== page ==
Homing in on the Church: How a house church provides intimacy and accountability

Casual in attire and casual about the time, they enter the old, two-story frame house on Indianapolis's near north side. They are at home here, and help themselves to coffee or iced tea. A mother tries to settle her small children over coloring books at the kitchen table; two guitarists confer and tune their instruments; others enter and begin animated conversations punctuated by loud laughter. But there's an absence of small talk. Almost apologetically, the host herds the ten adults into the living room. He "begins" the meeting with a brief prayer. And they worship together. The guitar players lead in a few familiar choruses. The group struggles, a cappella, through a new song someone is intent on teaching. People laugh at themselves as they bungle an attempt at antiphonal singing. But for a few moments every voice seems to blend, and beautiful, spine-tingling praise fills the small room. . . . Then, without announcement or apparent direction, the gathering quiets itself into prayers of wonder and gratitude.

For the next forty-five minutes everyone's attention is centered on a chapter of Scripture—1 Peter 3. The leader strives—sometimes successfully—to keep the discussion on track, to reign in the more vocal, opinionated participants, and to draw out a valued insight from the reticent. The theme of "creative suffering" has emerged over the last several studies of this New Testament letter; tonight one member connects with the text by relating a story of misunderstanding and rejection in his own family.

His story seems an appropriate transition to a time of exchanging requests for prayer and support, reports of small victories, revelations of setbacks:

  • A single man asks to be made accountable in his struggle with lust.
  • A married couple tearfully rehashes yesterday's shouting match, a battle that has left them wounded and weary.
  • A young woman whose call to the ministry has unfolded over the last six months describes her first seminary class.

A first-time visitor is quite obviously startled by the level of vulnerability and frankness. Observing her gaping, the leader assures her—and reminds everyone else—of this group's commitment to make every disclosure a matter of daily prayer rather than grist for gossip. Prayers are offered; several members gather around the hurting couple and lay hands on them, gently interceding.

Three elementary-school-age children now join the group for the concluding celebration of the Lord's Supper. Everyone leans toward—and a few kneel around—the coffee table at the center of the living room; a loaf of bread is broken and passed.... "This is the body of Jesus for Vickie.... "; they drink from a common cup of grape juice. . . . "Here is the blood of Christ for Brad...."

In the hush of communion, the night sounds of the city—the pulsing, thundering bass of rap music, distant sirens, shattering glass, an activated car alarm—are clearly heard, but do not distract. The sounds seem to enhance the sacrament; the participants remember the sacrifice of Jesus and are nourished and refreshed for servanthood in the midst of the city.

The meeting is officially over, and people are free to go, but no one does. A light lunch is served as conversations continue, and plans are made for next week. Members of the group leave sporadically, reluctantly.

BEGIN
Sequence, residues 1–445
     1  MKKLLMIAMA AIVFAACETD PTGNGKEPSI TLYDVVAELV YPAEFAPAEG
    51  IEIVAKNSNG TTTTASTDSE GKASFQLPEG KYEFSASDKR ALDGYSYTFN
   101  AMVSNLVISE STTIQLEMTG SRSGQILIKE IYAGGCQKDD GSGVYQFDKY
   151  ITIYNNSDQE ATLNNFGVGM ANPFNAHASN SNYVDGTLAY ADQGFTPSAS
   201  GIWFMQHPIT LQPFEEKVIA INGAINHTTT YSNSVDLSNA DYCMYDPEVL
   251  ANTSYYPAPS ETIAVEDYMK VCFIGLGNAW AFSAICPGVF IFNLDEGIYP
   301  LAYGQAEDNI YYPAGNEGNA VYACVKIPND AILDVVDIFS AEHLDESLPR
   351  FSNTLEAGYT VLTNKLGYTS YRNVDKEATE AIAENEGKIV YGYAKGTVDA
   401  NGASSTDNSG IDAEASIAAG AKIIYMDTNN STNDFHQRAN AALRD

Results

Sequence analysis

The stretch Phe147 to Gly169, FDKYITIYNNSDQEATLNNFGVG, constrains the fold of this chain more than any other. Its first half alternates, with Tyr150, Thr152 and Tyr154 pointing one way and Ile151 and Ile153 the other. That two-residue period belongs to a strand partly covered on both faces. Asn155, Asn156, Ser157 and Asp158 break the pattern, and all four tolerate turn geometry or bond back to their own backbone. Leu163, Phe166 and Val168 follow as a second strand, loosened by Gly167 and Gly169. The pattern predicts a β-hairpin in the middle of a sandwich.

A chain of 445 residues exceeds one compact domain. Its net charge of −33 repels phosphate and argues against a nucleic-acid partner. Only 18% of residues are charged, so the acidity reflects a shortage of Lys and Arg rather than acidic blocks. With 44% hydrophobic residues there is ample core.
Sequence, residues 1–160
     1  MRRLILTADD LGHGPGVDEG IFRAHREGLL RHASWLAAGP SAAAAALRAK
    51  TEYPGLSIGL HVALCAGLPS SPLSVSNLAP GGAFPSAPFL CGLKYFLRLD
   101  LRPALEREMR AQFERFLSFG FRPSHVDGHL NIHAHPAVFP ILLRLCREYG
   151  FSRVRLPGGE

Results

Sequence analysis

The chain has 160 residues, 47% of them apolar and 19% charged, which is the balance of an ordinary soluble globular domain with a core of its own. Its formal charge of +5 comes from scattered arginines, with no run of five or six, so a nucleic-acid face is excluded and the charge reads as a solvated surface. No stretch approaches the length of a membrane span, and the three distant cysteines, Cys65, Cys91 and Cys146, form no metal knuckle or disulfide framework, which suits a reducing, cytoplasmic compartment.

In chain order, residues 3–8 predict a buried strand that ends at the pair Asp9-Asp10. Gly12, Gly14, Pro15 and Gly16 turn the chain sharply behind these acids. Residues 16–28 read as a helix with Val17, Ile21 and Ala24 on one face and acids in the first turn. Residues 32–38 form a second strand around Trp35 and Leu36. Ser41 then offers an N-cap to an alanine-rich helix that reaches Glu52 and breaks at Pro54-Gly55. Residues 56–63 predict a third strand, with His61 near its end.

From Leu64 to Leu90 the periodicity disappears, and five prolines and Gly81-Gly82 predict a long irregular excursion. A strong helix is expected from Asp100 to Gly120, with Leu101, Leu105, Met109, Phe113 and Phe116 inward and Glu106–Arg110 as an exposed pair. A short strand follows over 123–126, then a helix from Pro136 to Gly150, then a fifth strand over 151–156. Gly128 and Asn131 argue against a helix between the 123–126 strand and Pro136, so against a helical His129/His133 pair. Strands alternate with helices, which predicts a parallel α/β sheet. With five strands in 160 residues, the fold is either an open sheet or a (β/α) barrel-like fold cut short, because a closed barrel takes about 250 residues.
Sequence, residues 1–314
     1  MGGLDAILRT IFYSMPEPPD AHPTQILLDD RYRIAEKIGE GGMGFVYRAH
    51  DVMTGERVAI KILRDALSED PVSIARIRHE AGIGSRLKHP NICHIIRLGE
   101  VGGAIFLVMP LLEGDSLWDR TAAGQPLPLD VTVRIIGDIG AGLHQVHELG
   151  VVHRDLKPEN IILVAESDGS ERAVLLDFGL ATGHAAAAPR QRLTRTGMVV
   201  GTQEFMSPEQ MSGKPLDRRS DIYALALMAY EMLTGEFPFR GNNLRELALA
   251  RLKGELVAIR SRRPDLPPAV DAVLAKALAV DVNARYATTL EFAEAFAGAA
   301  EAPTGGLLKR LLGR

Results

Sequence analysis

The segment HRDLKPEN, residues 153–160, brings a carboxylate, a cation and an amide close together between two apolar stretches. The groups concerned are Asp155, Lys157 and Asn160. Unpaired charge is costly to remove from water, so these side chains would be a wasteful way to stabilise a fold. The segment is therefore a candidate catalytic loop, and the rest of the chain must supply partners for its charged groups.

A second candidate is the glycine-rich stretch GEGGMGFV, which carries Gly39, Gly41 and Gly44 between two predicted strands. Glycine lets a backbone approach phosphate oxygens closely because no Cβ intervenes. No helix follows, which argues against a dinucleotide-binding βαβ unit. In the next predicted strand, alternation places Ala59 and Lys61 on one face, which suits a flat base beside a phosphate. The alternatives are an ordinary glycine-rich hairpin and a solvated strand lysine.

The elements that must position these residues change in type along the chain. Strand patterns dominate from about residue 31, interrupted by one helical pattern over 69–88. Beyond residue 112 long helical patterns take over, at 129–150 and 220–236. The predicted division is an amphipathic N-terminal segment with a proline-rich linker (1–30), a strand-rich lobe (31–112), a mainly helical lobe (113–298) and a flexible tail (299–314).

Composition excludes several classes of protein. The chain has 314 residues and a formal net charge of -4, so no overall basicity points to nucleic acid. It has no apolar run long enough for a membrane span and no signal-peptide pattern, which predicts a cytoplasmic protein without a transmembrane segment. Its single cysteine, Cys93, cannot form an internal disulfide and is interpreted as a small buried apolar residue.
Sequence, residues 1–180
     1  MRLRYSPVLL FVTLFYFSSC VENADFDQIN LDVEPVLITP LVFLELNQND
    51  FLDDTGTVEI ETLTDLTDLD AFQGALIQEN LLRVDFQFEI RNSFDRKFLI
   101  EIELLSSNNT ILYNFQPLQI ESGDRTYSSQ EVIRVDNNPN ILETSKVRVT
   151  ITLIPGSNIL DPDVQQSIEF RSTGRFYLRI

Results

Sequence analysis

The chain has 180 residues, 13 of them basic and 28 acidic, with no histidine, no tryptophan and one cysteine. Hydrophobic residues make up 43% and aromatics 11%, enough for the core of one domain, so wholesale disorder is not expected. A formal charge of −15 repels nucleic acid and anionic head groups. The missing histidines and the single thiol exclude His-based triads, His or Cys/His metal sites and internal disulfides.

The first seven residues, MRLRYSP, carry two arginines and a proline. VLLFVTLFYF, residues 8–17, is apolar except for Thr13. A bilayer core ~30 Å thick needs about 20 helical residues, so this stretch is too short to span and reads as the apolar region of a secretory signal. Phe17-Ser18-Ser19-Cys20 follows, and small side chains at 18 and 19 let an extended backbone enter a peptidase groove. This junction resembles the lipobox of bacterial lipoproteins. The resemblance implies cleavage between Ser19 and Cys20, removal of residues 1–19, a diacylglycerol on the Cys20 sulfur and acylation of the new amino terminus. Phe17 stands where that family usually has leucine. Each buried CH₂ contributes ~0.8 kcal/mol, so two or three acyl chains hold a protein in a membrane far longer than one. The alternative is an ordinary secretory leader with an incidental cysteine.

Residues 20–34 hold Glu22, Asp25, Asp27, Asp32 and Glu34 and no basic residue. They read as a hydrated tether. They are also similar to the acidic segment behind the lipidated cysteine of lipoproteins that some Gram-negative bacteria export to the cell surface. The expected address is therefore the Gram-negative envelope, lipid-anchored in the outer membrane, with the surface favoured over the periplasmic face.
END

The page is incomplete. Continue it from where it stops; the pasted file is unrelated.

Finally it's 10:40 P.M. Nearly four hours after the first member arrived, the last departs.

"To the church in your house." (Philemon 2)

Apart from the in-house celebration of the sacrament, there's nothing unusual about the experience described above. Small, intimate gatherings— whether they are labeled household, cell, koinonia, or growth groups—are a part of the rhythm of contemporary church life. These small gatherings may not be for everyone, and every small group involvement cannot be a satisfying one. But most of us would agree that there's something essential here, a quality of community life for which we hunger, a level of intimacy and accountability that we need, a sense of belonging that is found in few other settings.

The Indianapolis experience is distinguished from other small groups by a bold claim: This is a glimpse of a church at worship—a complete and autonomous congregation. We are not small groups within a larger congregation, an addendum to the real church that gathers in a sanctuary on Sunday morning at 10:30. Nor are we a church in an early developmental stage, meeting in a home temporarily until we grow large enough to justify meeting in a proper building. Rather, we are fully a church now.

By claiming that we are an autonomous church we do not mean to exclude ourselves from an important connection with a larger congregation. We are, in fact, part of what we hope will be a growing network of house churches. As members of this "network," we share staff and resources, cooperate in programming, and gather regularly for collegial worship in a rented auditorium. And in saying that we are a complete church, we are not suggesting that we neither need nor desire to grow. We expect to grow. We pray for and plan on growth. But we do not intend to outgrow the home so that we need a larger (more church-like) facility; rather, as we grow, we will multiply the existing cell and begin other house churches.

Not New but Radical

The house-church model may at first strike us as a new and radical idea. It's hard for us to think of church—real church—apart from preacher and pulpit, pew and steeple. But even a cursory study of the New Testament church reveals that this model is certainly not new, although it is indeed radical—radical in the truest sense of the word. We trace our roots (L. radicalis, "having roots") to a century in which churches met in the homes of believers (cf. Rom. 16:5; 1 Cor. 16:19; Col. 4:15; Philem. 2), and were pastored by nonprofessional, bi-vocational ("tent-making") elders (cf. Acts 14:23).

No one should infer that the first-century, home-based, laity-led church is a biblically normative model for church development—that establishing seminaries, engaging full-time pastors, and erecting church buildings are abnormal activities or, worse, acts of disobedience. We understand that the early Christians met for worship in homes out of necessity and that there was no way in which a professional clergy could emerge immediately, ready to assume leadership in the wake of Paul's mission ventures.

But these limitations faced by the first-century Christians do accentuate some normative truths about the nature of the church and her leadership:

  • The church is not a towering steeple, but a called-out people.
  • The church is not grounded in real estate but in relationships.
  • The church is not a building of brick and mortar but the body of Christ, bone of his bone, flesh of his flesh.